La sirène d’alerte aérienne

One of the good things about having a black cat is that, if they’re raising hell in public, you can always pretend it must be some other cat. I have had to do this around 8,073 times (each) with Louis Catorze and his big brother, Luther, so I’m used to it by now.

However, it’s rather difficult to deny it in the following circumstances:

1. The hell is raised in broad daylight.

2. The hell is raised in an elevated area surrounded by multiple houses.

3. The hell is raised in the early hours of the morning, when everything is quiet, so people are likely to hear it and investigate.

5. Your cat is unusually small, so onlookers know instantly that he’s yours.

6. Another cat is with him, so the sense of scale makes it even more evident that the small black hellraiser is your cat.

7. Your cat still has the Eye of Sauron on his body from a bald patch that just won’t go away, again making identification very easy. (He’s fine, by the way. The vet says steroids can delay hair regrowth, although we’re to book another appointment if it’s not improved in a couple of weeks.)

Still staring creepily even when his back is turned.

A few days ago, we had each and every one of the above factors working against us.

When I was getting ready to go to work a couple of mornings ago, I heard the familiar sound of a parakeet shrieking. Somehow you can tell when it’s an altercation as opposed to just generic shrieking and this was, without a doubt, an altercation. I looked out, fully expecting Catorze but, to my surprise, he was accompanied by Beefy Tabby Tigger, a local unneutered male whom everyone hates but who, bizarrely, gets along very well with Catorze. The two of them were hanging out on top of our trellis and next door’s shed, and a parakeet, perched atop the telegraph wires above them, was hollering its lungs out.

Naturellement, as soon as he saw me, Catorze decided to flee from the scene of the crime. I wasn’t quick enough to photograph him on the trellis but here he is, absconding, with Tigger and the shrieking parakeet looking on:

What the actual HECK?

I imagine that the parakeet was either warning its buddies of not one but TWO predators below, of which one appeared to have a third eye. Or maybe it was shrieking at them to go away so that it could swoop down and steal some of the food that Cat Daddy puts out for the goldfinches. Either way, it was loud enough for me to go and look. And so, I imagine, did all our neighbours. (Sorry, if any of you are reading this.)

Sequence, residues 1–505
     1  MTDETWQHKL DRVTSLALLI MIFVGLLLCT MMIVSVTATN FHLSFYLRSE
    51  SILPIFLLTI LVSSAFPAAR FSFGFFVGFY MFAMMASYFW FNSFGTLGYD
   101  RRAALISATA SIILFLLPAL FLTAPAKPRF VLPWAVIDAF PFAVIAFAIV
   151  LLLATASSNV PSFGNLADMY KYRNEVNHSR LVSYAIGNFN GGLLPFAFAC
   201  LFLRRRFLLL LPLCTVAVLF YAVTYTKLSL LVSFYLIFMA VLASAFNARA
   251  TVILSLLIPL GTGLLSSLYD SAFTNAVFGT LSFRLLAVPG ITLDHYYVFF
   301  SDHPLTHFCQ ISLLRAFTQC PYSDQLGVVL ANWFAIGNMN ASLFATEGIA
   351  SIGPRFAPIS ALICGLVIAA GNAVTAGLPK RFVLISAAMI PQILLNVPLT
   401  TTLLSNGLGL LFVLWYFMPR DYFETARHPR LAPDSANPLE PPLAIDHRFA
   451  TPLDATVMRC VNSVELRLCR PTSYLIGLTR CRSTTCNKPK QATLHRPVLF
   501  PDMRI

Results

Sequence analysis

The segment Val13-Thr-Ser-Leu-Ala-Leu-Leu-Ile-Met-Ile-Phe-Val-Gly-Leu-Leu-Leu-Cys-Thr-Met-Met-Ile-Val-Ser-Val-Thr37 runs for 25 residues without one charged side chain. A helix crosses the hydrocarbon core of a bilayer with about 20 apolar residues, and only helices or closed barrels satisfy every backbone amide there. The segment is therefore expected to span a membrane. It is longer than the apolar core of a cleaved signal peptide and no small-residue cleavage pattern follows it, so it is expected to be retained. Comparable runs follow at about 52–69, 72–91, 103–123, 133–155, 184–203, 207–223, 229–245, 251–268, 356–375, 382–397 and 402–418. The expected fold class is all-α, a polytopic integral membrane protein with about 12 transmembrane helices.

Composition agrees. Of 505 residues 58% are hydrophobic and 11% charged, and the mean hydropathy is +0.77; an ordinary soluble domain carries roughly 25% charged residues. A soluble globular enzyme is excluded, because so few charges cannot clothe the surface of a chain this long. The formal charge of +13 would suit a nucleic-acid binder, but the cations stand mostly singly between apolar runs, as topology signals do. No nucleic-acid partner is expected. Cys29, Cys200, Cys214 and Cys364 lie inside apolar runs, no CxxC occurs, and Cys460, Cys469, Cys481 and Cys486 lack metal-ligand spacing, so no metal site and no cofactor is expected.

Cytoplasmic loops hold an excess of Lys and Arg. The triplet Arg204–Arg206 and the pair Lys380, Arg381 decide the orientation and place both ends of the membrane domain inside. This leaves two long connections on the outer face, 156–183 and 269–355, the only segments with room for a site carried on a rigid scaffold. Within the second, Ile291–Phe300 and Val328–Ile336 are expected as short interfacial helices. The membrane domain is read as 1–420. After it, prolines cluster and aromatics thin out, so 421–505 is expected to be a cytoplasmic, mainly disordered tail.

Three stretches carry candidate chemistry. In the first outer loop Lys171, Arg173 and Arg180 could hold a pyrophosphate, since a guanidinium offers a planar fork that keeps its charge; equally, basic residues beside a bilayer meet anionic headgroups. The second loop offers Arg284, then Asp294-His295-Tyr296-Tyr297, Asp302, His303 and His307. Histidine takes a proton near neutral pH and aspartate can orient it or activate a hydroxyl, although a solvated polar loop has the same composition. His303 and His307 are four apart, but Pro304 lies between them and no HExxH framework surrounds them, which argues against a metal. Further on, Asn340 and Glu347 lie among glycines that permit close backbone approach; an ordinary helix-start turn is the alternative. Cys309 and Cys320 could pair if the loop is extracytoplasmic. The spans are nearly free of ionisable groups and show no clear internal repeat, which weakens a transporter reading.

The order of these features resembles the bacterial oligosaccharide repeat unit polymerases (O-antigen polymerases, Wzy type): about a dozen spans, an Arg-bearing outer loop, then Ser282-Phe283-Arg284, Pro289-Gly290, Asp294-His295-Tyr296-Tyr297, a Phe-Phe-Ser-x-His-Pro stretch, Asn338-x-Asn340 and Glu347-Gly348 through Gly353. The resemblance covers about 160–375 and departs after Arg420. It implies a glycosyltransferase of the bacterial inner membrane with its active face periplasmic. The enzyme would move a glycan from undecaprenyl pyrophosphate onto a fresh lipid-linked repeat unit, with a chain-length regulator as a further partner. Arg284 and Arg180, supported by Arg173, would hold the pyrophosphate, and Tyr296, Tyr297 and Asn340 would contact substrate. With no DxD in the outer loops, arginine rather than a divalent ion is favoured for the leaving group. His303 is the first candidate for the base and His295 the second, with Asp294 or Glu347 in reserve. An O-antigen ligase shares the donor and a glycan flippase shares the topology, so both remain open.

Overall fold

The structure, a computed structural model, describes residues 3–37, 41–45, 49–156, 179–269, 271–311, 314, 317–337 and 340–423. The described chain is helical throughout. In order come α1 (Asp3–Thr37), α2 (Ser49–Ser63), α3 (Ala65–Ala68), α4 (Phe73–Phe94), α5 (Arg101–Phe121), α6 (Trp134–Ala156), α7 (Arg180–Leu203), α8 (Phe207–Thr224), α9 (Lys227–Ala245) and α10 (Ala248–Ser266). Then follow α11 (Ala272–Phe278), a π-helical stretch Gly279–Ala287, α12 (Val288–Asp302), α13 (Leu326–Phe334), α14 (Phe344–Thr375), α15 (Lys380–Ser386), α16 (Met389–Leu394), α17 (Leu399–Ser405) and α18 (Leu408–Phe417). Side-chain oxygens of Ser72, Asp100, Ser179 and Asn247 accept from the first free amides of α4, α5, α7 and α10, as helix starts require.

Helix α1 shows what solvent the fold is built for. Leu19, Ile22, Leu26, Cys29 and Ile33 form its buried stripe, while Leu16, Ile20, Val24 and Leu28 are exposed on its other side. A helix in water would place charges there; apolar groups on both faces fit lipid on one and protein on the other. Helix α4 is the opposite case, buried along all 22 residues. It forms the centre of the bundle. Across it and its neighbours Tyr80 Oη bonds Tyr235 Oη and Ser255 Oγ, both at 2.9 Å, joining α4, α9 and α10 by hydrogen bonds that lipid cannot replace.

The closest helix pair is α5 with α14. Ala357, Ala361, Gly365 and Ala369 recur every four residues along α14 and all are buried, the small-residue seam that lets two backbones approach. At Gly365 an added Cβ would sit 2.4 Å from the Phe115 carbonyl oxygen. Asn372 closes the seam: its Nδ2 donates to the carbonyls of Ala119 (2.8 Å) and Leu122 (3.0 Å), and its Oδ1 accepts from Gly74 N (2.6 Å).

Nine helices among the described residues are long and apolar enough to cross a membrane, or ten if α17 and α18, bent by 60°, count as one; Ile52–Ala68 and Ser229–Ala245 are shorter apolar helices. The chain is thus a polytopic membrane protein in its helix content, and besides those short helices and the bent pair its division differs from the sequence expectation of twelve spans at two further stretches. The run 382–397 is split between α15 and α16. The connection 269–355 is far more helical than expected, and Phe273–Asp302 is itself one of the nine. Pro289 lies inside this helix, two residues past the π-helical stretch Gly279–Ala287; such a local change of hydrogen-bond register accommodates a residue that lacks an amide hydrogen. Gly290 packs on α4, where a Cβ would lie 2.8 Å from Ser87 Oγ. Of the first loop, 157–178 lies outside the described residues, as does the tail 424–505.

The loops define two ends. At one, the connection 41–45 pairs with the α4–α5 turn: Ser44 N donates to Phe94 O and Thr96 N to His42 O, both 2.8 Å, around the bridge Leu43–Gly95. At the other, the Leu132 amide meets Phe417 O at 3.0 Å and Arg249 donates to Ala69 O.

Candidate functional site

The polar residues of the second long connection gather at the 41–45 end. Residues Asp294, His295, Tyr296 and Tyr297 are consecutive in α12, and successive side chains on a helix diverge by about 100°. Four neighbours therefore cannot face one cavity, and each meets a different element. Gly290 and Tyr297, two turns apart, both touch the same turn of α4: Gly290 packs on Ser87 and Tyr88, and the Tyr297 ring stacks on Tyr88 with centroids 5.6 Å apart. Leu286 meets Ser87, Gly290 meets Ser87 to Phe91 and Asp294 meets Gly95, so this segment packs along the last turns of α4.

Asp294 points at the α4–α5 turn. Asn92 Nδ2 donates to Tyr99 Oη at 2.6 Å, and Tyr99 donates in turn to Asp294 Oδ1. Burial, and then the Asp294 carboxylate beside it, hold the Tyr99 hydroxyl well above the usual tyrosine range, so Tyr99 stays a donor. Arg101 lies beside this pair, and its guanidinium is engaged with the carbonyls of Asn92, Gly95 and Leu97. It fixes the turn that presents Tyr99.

How does an ageing cat have the time or the inclination for any of this nonsense? I can’t figure it/him out, nor do I think I ever will.

31 thoughts on “La sirène d’alerte aérienne

    1. I’m trying to tell myself that, but we’ve seen Tigger a few times and he never causes havoc. He seems to for others, but not here. 🤷‍♀️

      Liked by 2 people

  1. Given the apparent distance between the shed roof and the wire where the parakeet is, why didn’t the bird just fly away ? Or was it taunting them ? (Most likely,)

    Liked by 1 person

  2. I don’t think cats have any idea how old they are. Frankie still runs around like a kitten and he’s 11. You should probably put some of those security cameras outside. Not for security but just so you can capture some funny videos.

    Liked by 3 people

    1. Can you IMAGINE? We’d have hours of footage of Catorze and the local wildlife winding each other up. I’d be watching it forever and I’d never leave the house!

      Liked by 2 people

  3. Thankfully I don’t have parakeets this far north. However, the crows that nest in the poplar opposite do take the opportunity to berate my three furry idiots.

    Liked by 1 person

    1. Oh Luna, I don’t doubt that you could. There are a lot of them, though. And, like germs, they are multiplying.


    1. But then every parakeet reacts in the same way. As does every magpie. And every squirrel. And every fox. You get the picture. 😩

      Liked by 2 people

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